Nine people were killed in Cairo on Tuesday in clashes between opponents and Islamist supporters of Egypt’s deposed President Mohamed Morsi, state-run media reported, keeping the most populous Arab nation in turmoil.
The violence broke out before dawn near a Brotherhood protest at Cairo University, where Morsi supporters have been camped out since the army removed the Islamist politician from power on July 3 following protests against his rule.
The Brotherhood described it as an attack on peaceful protesters and blamed the killing on thugs backed by the Interior Ministry – an accusation a security official denied.
Police sources said hundreds of Morsi supporters clashed with local residents, street vendors and others near the sit-in. They said gunshots were fired and stones were thrown.
With the Brotherhood vowing to stay in the streets, the bloodshed was a fresh example of the instability facing Egypt as the newly installed interim government moves along an army-backed roadmap towards elections in about six months.
“The longer this standoff continues, the more hardened the positions become, and the more likelihood there is for violence, and oppression,” said Yasser el-Shimy, Egypt analyst with the International Crisis Group.
“It needs an urgent political deal or compromise and unfortunately we are not seeing any signs of that.”
The state-run Al-Ahram newspaper quoted a health ministry official as saying nine people had been killed and 33 wounded in the Cairo University clashes, while two wounded in fighting on Monday had died, bringing to 14 the number of deaths in violence between rival protesters in Egypt in the last two days.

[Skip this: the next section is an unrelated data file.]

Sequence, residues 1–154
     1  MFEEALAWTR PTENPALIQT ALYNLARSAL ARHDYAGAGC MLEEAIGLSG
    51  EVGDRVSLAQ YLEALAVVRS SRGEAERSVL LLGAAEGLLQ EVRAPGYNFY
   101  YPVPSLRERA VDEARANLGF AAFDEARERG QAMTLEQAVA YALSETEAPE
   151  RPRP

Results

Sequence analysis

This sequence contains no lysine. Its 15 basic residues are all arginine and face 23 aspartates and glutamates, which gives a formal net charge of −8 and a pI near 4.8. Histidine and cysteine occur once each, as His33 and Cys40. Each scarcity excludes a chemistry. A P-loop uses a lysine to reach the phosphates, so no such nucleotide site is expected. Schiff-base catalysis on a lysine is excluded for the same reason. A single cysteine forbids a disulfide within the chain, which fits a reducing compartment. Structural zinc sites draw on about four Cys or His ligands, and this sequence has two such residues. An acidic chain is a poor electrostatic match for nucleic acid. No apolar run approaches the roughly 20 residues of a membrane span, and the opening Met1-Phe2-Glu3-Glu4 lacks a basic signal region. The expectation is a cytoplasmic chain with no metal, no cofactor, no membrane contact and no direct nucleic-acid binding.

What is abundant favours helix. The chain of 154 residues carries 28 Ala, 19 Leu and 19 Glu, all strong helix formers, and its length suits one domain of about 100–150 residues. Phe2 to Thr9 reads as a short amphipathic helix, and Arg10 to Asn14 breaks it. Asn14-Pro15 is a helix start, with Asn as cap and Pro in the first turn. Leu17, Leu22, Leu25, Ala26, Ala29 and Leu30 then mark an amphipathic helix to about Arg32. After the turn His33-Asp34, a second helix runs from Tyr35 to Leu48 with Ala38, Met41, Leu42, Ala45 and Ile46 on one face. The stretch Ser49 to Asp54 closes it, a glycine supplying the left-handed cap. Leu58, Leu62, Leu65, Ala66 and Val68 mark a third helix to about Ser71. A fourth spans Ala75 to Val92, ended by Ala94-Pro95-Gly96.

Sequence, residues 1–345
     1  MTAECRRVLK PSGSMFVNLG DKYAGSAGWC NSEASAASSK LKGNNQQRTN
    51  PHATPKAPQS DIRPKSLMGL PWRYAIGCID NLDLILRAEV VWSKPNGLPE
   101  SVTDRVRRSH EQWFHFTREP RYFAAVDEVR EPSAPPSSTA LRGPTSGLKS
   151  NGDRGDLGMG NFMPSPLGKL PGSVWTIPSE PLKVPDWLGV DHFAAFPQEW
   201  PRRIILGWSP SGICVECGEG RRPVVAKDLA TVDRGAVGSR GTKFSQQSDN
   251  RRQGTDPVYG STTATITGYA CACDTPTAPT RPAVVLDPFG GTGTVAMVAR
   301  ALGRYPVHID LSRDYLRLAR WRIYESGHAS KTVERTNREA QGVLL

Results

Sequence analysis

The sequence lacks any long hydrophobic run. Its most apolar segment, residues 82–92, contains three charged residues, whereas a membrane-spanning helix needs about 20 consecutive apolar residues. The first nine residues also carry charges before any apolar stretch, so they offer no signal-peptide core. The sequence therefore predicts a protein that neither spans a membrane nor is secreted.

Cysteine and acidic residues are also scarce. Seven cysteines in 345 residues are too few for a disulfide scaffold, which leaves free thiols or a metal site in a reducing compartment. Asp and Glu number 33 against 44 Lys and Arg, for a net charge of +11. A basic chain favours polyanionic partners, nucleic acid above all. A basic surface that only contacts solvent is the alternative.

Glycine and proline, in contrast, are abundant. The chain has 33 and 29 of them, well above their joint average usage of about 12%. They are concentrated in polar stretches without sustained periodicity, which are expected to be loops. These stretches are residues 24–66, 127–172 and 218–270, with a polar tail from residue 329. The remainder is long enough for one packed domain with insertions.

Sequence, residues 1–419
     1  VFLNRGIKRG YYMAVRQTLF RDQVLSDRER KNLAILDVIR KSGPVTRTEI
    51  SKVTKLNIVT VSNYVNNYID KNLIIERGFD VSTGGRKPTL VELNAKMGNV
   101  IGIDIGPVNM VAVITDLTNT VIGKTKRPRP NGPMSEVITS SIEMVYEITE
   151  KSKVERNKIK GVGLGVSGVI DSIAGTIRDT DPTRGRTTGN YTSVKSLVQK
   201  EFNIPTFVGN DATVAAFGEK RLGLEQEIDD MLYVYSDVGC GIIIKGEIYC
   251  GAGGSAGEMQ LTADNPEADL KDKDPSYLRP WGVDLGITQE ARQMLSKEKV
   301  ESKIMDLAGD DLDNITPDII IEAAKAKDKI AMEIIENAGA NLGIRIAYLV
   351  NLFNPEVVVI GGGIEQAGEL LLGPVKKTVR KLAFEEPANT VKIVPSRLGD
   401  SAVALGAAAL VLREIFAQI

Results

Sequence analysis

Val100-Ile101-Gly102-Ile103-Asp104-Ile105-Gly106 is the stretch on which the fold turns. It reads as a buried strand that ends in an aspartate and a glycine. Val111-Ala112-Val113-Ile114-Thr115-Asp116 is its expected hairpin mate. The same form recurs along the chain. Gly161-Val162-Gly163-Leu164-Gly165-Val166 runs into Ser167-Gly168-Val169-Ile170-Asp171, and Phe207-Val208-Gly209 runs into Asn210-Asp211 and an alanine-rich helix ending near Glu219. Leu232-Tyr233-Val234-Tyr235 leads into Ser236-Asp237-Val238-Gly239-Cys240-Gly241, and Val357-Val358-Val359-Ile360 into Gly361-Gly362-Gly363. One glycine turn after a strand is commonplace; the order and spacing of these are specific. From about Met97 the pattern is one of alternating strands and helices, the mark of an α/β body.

At least 15 burned-out cars lay abandoned around the university area where the clashes took place. Splattered blood and broken glass disfigured the pavements near the shopping area where a traffic police station was set on fire.
Brotherhood members with sticks guarded the entrance to the protest site after the clashes calmed, while residents stopped cars on the road to Cairo University to check for weapons.
The Brotherhood said on its website that seven “martyrs” had been killed overnight in two separate attacks on Morsi supporters, one at Cairo University and another during a march near a bigger round-the-clock sit-in in the north of the city.
Egypt’s general prosecutor ordered 22 pro-Morsi protesters be detained for 15 days while they are investigated over accusations they attacked the ousted president’s opponents in central Cairo on Monday, the state news agency said.
They are also accused of carrying unlicensed fire arms and ammunition, the report said.